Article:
By Stephanie Tripp
With a backpack stuffed full of research tools and a laptop computer, Paul R. Thomas, a BYU English professor, enters historic libraries in Wales, Scotland, France, Switzerland, England, and the United States to peruse manuscripts like Hengwrt, Morgan, and Ellesmere.
Thomas is seeking to uncover clues in a mystery that began about 1343 when a man, the son of a London vintner, was born. This man, a “Knight of the Shire” and diplomat to Flanders, France, and Italy, wrote a series of tales that detailed a pilgrimage of 30 travelers telling stories to and from their destination, Canterbury. Today, this work is known as the Canterbury Tales.
The mystery escalated when this man, poet Geoffrey Chaucer, died in 1400. Chaucer did not live long enough to finish all the tales projected in his General Prologue to the Canterbury Tales. Instead, he left behind fragments of tales in no apparent order. The fragments resulted in 84 different 15th-century manuscripts of Chaucer’s tales and three later-printed editions with differing orders and contents.
Centuries later, Thomas and other Chaucerian scholars have started an effort to solve the mystery–which of these 87 witnesses is the closest to Chaucer’s original poems? To find an answer to this question, Thomas joined the internationalCanterbury Tales Project in July 1994. The project involves transcribing available manuscripts of theCanterbury Tales onto software and placing them on CD-ROM, making possible comparisons of the various manuscripts through hypertext technology.
The ultimate goal of the project is “to come as close as possible to really true readings of Chaucer, rather than readings that scribes have made up,” Thomas said.
Comparing typed transcriptions with the original manuscripts is the reason for Thomas’s trip to English and U.S. libraries this summer and fall.
BYU is the only university from the United States participating in the transcriptions and collations. Other universities involved in transcribing include Oxford University, the University of SheYeld, and De Montfort University.
The project has separated the tales into the 10 fragments long studied by scholars. BYU’s main contribution is Fragment 7, which includes the “Shipman’s Tale,” the “Prioress’ Tale,” the “Tale of Sir Thopas,” the “Tale of Melibee,” the “Monk’s Tale,” and the “Nun’s Priest’s Tale.” The CD-ROMs containing these tales will be published by Cambridge University Press, and the first, on the “Nun’s Priest’s Tale,” is expected to be released in the summer of 1998.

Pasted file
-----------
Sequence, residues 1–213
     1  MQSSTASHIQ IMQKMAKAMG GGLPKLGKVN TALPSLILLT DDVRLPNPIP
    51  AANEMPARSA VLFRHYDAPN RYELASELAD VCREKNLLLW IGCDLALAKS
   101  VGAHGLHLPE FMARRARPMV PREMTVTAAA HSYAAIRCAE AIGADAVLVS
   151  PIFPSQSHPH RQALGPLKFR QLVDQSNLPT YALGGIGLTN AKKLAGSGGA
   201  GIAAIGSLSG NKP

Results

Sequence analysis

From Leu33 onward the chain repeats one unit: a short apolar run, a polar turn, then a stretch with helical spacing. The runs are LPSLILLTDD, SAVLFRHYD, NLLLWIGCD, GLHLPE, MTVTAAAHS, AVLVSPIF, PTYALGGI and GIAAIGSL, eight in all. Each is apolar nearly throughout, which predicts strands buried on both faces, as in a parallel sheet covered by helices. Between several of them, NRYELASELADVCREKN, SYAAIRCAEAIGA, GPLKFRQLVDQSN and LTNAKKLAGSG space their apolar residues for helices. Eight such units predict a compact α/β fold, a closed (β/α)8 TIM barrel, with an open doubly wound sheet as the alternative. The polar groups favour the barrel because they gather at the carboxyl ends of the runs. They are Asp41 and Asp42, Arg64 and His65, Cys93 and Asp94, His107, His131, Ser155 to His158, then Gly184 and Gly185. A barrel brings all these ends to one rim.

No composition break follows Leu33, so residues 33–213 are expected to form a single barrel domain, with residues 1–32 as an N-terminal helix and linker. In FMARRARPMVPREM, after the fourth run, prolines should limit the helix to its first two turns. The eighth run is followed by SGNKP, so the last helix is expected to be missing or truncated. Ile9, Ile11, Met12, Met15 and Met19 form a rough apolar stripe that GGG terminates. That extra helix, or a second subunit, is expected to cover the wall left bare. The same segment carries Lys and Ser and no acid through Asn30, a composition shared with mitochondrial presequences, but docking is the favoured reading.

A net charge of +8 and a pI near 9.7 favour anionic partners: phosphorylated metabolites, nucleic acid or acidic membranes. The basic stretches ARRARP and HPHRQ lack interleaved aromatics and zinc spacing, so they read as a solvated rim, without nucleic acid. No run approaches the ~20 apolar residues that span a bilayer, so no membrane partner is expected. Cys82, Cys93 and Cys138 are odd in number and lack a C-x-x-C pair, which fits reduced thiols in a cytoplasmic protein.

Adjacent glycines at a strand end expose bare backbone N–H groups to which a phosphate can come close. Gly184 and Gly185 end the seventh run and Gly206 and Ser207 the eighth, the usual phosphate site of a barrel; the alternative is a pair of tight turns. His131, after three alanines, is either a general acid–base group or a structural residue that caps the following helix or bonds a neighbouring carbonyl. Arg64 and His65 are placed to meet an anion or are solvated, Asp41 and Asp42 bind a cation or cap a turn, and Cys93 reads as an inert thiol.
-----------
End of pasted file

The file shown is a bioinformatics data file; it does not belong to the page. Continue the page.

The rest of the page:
“The beauty of this work is there is nothing guessed about and nothing abbreviated,” Thomas said. “The manuscript’s text is all put down exactly as it’s there, and it’s checked and checked and checked.”
Transcribing and checking the text of Fragment 7 is the main task of the BYU team. At the beginning of collation, a base text is created. “We have made our best estimate about what would be the oldest, closest-to-Chaucer text in each tale. That’s what we call the base text,” Thomas said.
The base text of a tale and all of the variations from the manuscripts that include that tale are typed into the computer. The transcriptions are taken from photocopies of microfilm of rotographs (1920s photocopy technology) of the original manuscripts. Then all of the manuscripts are collated together and compared to the base text through a computer program called Collate, developed specifically for the project. Each manuscript is compared line by line and word by word to note the variations and similarities of the differing texts, Thomas said.
Along with the collated manuscripts, the CD-ROM will include a digitized image of the text of each tale from each manuscript. The transcriptions will be available both in unregularized form–preserving all original spellings–and regularized form, enabling substantive comparison of readings across the various manuscripts.
“Nothing quite like this has ever been done, and this is all being done first by student and computer power,” Thomas said.
A team of students are helping Thomas with the project and have transcribed a little less than half of the approximately 55 manuscripts for Fragment 7. “We have a lot of work ahead of us,” said Melissa Gallup, a senior from Santa Rosa, Calif., studying English. Transcribing one tale from one manuscript can take from six to 15 hours depending on the quality of the copy and the length of the tale.
Although much remains to be done, the end is in sight for BYU’s first contribution to the project. The conclusion of the entire project, however, is estimated to be about eight years away. The directors of the Canterbury Tales Project hope to have all the fragments on CD-ROM and full transcriptions of at least the earliest six manuscripts. “When that’s done, it will be a vast collection on electronic text of Chaucer scholarship,” said Darin Merrill, a graduate student of medieval literature from Orem.
Thomas’s studies of Chaucer began when he was a student at BYU and continued through his master’s thesis and doctoral work. He is the producer and codirector of Chaucer Studio, an organization that provides cassettes of Old English, Middle English, Old Norse, and Old French readings. Recordings of Chaucer’s works, other tales, language pronunciation, and medieval music are provided by the studio. For information about the Chaucer Studio, contact Thomas at email@example.com or through the Department of English, BYU, Provo, Utah 84602-6218.